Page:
Now, complaints aside, the technophile (aka “geek”) in me can see the foundations of future greatness that Apple has created with their Maps program. The key feature being that the program uses vector information to construct the maps, where Google uses image tiles to construct their maps.
On an old and very well worn 3Gs, the Apple vector maps load much faster than the Google JPEG map tiles. The Apple Maps program can load vastly more map data that Google can in the same amount of available memory. When driving around a region where cellphone coverage may be spotty, this is important. There are several places I drive through where signal is lost, and my Google map was reduced to a blue dot floating on an empty grid. I look forward to when I can put Apple’s map to the test and see if it properly preloads enough map data to carry me through these zones.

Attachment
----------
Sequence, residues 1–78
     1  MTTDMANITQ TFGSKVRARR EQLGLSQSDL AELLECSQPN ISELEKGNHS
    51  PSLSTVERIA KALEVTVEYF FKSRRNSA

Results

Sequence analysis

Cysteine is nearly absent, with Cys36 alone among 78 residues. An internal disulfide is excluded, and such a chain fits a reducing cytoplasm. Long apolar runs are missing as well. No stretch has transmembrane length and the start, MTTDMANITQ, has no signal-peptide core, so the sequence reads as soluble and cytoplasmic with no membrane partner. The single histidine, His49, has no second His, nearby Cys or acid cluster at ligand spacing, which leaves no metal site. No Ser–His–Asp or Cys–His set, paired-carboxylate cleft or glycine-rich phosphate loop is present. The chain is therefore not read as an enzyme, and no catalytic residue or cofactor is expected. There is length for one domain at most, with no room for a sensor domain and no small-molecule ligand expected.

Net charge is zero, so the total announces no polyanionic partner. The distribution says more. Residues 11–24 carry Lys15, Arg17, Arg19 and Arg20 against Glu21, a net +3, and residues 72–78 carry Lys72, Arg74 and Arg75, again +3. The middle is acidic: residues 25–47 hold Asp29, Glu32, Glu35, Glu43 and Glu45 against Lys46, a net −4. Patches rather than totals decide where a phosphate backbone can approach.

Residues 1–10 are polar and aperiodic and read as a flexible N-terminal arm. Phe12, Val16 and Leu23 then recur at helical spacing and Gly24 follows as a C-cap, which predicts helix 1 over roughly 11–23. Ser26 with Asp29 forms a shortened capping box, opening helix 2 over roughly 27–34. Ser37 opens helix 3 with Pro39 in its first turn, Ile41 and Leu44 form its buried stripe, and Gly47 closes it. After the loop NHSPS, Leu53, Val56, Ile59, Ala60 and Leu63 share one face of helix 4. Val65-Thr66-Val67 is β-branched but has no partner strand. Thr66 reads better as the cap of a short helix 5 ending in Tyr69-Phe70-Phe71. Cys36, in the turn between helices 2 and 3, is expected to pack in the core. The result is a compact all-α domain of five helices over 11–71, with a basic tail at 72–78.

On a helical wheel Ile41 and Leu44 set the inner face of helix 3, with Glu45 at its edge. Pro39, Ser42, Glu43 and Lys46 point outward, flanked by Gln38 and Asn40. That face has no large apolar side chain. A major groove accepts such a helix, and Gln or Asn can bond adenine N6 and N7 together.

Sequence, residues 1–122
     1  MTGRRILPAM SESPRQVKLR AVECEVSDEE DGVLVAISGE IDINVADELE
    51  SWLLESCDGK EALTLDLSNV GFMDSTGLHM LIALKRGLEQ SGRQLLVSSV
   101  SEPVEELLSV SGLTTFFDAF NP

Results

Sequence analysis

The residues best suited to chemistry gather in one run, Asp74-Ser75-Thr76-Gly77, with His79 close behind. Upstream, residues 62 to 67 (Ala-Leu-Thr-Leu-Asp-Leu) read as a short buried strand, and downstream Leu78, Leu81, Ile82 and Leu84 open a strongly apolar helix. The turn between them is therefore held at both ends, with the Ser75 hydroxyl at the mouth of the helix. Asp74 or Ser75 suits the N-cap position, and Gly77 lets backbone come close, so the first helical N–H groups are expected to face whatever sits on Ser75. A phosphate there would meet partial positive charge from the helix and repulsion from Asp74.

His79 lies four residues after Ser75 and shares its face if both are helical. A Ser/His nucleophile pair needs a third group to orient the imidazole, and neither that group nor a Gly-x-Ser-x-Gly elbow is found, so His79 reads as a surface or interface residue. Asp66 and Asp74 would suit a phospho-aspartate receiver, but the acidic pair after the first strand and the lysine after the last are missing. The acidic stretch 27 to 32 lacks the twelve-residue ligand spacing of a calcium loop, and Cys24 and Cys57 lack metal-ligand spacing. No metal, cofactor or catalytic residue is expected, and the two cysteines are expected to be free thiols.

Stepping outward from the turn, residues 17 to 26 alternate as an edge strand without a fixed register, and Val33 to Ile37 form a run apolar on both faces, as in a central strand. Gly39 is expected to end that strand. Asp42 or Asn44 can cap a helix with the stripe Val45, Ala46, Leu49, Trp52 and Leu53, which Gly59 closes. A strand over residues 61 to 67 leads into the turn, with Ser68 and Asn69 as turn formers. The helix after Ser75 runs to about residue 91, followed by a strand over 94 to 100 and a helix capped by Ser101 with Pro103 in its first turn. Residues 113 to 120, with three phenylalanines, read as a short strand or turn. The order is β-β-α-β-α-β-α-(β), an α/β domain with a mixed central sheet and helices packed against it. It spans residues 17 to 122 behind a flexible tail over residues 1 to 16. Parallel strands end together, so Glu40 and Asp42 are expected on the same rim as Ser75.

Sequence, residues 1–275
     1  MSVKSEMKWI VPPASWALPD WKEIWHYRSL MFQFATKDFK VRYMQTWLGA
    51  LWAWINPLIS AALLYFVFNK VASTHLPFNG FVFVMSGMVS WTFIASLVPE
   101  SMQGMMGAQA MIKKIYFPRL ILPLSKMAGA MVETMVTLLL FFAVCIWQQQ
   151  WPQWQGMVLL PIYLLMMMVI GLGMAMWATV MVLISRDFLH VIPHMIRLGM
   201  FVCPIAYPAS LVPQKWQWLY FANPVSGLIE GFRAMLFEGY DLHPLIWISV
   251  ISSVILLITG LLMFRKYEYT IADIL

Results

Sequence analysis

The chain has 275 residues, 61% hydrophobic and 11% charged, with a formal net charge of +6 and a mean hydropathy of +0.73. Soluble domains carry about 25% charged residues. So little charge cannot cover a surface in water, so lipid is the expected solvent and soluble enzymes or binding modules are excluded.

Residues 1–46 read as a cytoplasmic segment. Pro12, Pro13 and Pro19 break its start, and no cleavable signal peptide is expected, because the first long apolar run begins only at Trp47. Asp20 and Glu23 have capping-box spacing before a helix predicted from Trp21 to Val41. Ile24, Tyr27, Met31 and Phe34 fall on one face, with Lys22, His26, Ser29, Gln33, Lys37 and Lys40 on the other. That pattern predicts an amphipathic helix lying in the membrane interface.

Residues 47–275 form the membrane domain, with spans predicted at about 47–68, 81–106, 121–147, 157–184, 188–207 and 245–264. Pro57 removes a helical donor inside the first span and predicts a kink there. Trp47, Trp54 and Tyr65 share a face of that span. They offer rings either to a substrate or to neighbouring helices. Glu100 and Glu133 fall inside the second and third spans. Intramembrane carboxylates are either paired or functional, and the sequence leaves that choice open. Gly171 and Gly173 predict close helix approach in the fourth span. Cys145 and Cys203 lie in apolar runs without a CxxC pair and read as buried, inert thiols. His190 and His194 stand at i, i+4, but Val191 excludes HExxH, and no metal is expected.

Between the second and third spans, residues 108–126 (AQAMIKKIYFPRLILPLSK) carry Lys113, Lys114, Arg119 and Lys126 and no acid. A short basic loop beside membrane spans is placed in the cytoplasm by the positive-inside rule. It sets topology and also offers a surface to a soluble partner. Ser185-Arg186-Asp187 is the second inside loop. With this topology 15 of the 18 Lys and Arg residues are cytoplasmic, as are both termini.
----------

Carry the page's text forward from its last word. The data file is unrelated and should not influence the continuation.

I think the primary flaw in Apple Maps is that people expected far more from Apple than was delivered. Think of it as getting a glass of 12-year-old scotch instead of a glass of 25-year-old scotch. Both may be excellent distillations, but one is certainly better than the other. Apple Maps functions excellently now. It just lacks the extra smoothness and polish of its counterpart, Google Maps. It also has a number of flaws in its locations data. Ultimately, these errors will be vetted out and fixed.
Considering the underlying technologies Apple has used as the foundation for their map program, given time I think it is safe to expect it will mature into an outstanding tool. For now, consumers will have to accept that Apple is a few years behind the competition in this arena. If history is any indication, Apple might eventually turn Maps into a product that sets the standard rather than following it.